Bullets Over Broadway: Susan Stroman to direct
Producers Letty Aronson and Julian Schlossberg have announced the creative team for the world premiere production of Bullets Over Broadway, the new Broadway musical adaptation of Woody Allen's and Douglas McGrath's screenplay of the 1994 film.
The show will feature scene design by Santo Loquasto (Fences), costume design by William Ivey Long (Don't Dress for Dinner), lighting design by Donald Holder (Annie) and musical arrangements and supervision by Glen Kelly (Young Frankenstein).
They join the previously announced five time Tony Award winning director and choreographer Susan Stroman in bringing the new musical to the stage.
The Broadway production of Bullets Over Broadway, with an adaptation by Woody Allen, will feature existing music of the period when it arrives home on Broadway in the 2013 - 2014 season.
Additional creative team, dates, theater and casting will be announced shortly.
Bullets Over Broadway tells the story of aspiring young playwright 'David Shayne.' Newly arrived on Broadway in 1920's New York, Shayne is forced to cast 'Olive Neal,' the talentless girlfried of the mobster 'Cheech,' in his latest drama in order to get it produced. The one advantage to the arrangement is that the mobster has great ideas for rewrites of the play.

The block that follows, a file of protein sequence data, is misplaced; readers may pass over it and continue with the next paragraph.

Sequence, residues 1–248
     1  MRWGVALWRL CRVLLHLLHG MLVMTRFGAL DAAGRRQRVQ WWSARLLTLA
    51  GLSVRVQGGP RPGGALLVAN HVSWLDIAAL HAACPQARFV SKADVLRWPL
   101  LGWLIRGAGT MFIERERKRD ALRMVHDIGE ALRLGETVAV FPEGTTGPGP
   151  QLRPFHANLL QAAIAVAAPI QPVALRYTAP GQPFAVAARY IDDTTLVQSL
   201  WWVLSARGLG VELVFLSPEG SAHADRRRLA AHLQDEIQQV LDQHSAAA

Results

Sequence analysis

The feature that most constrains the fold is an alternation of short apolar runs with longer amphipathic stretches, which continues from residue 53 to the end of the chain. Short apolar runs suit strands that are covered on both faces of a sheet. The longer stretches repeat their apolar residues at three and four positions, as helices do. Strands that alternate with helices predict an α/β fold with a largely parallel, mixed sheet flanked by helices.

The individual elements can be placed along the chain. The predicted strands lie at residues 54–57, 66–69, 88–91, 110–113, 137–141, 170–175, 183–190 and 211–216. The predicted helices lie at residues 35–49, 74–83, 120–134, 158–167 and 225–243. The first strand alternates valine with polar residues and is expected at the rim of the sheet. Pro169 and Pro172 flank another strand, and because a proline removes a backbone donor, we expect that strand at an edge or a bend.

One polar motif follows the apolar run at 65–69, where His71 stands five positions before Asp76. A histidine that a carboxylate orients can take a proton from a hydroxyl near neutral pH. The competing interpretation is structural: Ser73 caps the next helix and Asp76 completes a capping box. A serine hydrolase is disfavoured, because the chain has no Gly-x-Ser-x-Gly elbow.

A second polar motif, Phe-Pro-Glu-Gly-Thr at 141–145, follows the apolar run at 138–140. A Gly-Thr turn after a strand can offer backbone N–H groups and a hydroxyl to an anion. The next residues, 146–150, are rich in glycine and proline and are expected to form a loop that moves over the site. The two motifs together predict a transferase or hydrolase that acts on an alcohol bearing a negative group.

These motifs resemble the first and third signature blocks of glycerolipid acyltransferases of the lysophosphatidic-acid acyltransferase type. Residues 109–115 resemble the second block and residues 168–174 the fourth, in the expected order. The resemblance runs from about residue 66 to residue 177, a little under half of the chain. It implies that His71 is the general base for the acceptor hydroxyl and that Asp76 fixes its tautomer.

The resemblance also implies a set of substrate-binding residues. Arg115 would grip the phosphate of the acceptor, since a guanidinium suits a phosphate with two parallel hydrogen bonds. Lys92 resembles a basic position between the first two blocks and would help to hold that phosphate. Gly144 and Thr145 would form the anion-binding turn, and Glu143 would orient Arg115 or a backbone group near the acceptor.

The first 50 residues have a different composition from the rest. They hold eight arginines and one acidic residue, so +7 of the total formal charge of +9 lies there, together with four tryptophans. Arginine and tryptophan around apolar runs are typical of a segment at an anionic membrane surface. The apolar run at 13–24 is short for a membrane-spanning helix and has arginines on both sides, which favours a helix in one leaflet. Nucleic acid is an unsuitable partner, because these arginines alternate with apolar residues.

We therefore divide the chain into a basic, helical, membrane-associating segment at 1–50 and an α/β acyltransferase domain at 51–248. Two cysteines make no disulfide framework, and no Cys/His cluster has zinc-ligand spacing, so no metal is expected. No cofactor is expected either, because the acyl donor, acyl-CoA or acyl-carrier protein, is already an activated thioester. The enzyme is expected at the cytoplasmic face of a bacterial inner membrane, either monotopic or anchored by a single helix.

As opening night approaches, Shayne finds himself in trouble: The leading lady 'Helen Sinclair' is a man-obsessed alcholoic; his leading man Warner Purcell is making passes at the mobster's girlfreind; and he has plagiarized the mobster's re-writes. What could possibly go wrong!
The musical will feature a score of existing music from the period. The film's score features such songs as 'Toot, Toot, Tootsie, Goodbye ' 'When the Red, Red Robin Comes Bob, Bob, Bobbin' Along' and ' That Certain Feeling.'
The 1994 film, written by Woody Allen and Douglas McGrath, and directed by Woody Allen, was nominated for seven Oscars. It starred John Cusack (David Shayne), Jennifer Tilly (Olive Neal), Chazz Palminteri (Cheech), Dianne Wiest (Helen Sinclair) and Jim Broadbent (Warner Purcell).
The film was nominated for seven Academy Awards, winning the Best Actress in a Supporting Role (Diane Wiest).
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